On Sunday, President Donald Trump’s former campaign strategist Roger Stone lashed out at his longtime associate, former InfoWars writer and Birther conspiracy theorist Jerome Corsi, accusing him of working with special counsel Robert Mueller to take him down in an Instagram post. “So Jerry Corsi was working with Mueller to sandbag me on a fabricated perjury charge,” Stone […]
New York comic Randy Credico knows how tough the political world can be. A former left-wing gubernatorial candidate, Credico feuded with conservatives and moderates during his most recent run for office in 2014. But nothing could have prepared him for how vicious and petty a fight with a member of Team Trump could be. In […]
Coming two days after FBI director James Comey confirmed that agency has been investigating the Trump campaign’s connections with Russian interference in the election since July 2016, the CNN report is stunning but not surprising. It also follows an Associated Press report on Tuesday that Paul Manafort, the former Trump campaign chair, had secretly devised a plan as early as 2005 to “greatly aid” the Putin regime by influencing the U .S. government and media.
After reciting some of the troubling facts in the Trump investigation, Rep. Adam Schiff (D-CA), the committee’s ranking Democrat, observed that the likelihood of all these connections being merely coincidental is extremely small. Former White House counsel John Dean, whose 1973 testimony helped to break Nixon’s Watergate defense, went further, saying he sees the Trump White House in a familiar “cover-up mode.”
Election experts say that the plan by Roger Stone to unleash hundreds of untrained “exit poll” watchers in search of vote theft on Election Day risks intimidating voters in the targeted communities. They also explain that unprofessional exit polling is a nonsensical way to discover alleged voter fraud and vote rigging, which is “extremely rare” in the first place.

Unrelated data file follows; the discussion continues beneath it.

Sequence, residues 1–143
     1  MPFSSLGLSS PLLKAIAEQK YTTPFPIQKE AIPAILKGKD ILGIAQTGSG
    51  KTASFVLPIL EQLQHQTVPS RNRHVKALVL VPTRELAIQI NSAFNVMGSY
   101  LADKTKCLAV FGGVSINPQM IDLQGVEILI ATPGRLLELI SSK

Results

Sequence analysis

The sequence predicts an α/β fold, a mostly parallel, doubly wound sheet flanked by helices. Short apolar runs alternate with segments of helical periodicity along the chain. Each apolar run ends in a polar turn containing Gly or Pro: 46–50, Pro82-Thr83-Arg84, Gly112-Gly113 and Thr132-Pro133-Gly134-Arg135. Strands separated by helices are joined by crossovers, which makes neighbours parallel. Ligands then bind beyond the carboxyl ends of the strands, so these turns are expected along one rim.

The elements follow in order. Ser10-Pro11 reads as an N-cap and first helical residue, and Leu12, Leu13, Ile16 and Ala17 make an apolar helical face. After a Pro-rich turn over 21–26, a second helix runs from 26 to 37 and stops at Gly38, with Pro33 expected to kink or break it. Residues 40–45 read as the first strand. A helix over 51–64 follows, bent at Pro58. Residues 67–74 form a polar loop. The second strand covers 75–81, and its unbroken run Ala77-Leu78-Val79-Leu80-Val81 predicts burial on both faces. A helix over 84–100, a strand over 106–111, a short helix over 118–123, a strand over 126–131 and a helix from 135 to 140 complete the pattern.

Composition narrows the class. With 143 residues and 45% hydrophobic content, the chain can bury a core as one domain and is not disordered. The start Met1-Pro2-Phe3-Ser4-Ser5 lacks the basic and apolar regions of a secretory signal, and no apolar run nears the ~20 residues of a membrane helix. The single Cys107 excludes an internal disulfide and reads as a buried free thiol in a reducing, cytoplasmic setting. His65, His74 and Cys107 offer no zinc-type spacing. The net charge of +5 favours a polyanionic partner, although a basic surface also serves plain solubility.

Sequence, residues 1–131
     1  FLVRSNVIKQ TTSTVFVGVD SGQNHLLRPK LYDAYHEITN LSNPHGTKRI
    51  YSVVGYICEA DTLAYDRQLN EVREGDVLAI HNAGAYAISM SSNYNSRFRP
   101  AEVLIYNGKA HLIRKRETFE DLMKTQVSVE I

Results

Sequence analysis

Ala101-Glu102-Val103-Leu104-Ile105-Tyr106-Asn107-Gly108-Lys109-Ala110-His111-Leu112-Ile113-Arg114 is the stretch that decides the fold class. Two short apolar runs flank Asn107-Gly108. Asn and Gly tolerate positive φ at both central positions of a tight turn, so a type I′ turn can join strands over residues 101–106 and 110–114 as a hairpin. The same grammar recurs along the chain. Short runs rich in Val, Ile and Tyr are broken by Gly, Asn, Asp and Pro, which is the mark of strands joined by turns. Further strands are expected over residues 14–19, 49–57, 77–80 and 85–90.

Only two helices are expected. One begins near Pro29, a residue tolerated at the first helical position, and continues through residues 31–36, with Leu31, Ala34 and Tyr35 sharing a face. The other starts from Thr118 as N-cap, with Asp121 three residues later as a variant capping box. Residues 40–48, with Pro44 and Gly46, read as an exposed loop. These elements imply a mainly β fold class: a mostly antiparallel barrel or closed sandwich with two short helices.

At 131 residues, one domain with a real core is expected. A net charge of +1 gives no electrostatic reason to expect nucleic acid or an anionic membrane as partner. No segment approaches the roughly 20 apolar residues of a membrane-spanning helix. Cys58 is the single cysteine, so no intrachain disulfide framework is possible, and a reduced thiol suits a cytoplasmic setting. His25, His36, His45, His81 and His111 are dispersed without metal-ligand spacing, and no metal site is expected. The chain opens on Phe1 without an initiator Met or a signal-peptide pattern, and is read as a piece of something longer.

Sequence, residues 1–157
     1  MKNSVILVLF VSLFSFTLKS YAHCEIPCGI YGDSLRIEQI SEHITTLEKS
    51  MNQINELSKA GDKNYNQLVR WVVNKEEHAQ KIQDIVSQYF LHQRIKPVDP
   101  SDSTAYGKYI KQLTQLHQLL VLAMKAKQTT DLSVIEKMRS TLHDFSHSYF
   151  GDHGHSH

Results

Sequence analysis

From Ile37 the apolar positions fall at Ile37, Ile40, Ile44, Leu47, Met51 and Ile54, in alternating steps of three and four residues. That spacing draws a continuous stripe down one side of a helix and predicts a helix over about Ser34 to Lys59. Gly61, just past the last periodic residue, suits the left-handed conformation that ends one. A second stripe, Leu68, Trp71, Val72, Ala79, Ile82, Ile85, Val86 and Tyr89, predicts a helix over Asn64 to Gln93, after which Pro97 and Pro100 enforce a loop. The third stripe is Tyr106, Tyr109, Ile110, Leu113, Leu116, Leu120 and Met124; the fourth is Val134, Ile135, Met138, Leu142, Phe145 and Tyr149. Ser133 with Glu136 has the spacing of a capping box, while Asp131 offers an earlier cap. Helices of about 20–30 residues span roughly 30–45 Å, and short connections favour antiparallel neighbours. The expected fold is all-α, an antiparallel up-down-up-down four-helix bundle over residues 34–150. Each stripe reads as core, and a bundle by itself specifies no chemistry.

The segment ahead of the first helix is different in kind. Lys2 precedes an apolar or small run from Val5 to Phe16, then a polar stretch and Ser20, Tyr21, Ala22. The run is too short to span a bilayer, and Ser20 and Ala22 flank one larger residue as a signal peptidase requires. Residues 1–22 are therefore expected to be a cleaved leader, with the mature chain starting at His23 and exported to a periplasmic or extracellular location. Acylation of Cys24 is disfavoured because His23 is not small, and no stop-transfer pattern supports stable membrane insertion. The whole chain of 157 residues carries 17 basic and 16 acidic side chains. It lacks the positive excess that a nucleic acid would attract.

Trump did not become the object of white nationalist affection simply because his positions reflect their core concerns. Extremists made him their chosen candidate and now hail him as “Emperor Trump” because he has amplified their message on social media—and, perhaps most importantly, has gone to great lengths to avoid distancing himself from the racist right.
When the time came to deliver on his threats against the Clintons, Julian Assange blinked. At an early morning news conference, he delivered nothing of consequence — enraging conspiracy theorist Alex Jones.
Roger Stone is claiming that Wikileaks will release documents on Wednesday intended to damage Hillary Clinton. Earlier this year, the group released documents that experts say were obtained from Russian intelligence groups who illegally hacked the Democratic National Committee.
Former New Mexico governor Gary Johnson has emphasized his support for marijuana legalization and touts an anti-war stance in an attempt to lure progressives to his cause. But progressives are likely less aware of his links to the radical right and the Koch brothers.
Donald Trump’s tax returns have been a public issue this election cycle, as he has refused to them, which no candidate has done since 1976. Now, Trump is facing even more scrutiny, as his informal adviser and friend, political consultant Roger Stone, has joined in calls for the tax returns to be released.
This is hardly the first baseless conspiracy theory to bubble into official Trump Campaign rhetoric. And while Stephen Bannon, the Breitbart executive and current Trump campaign “CEO,” may be encouraging surrogates to turn up their attacks, the real blame lies with Trump confidant and “dirty trickster” Roger Stone.
With his brazen attempt to manipulate an American presidential election, in tandem with the Russian oligarchy and the American right, Julian Assange has drifted a long way from the progressive and transparent spirit in which Wikileaks first introduced itself to the world.
The question isn’t so much if Donald Trump can win the election as whether or not he’ll still be the GOP candidate come November. Nobody can predict what mad trajectory the Republican nominee’s campaign might take.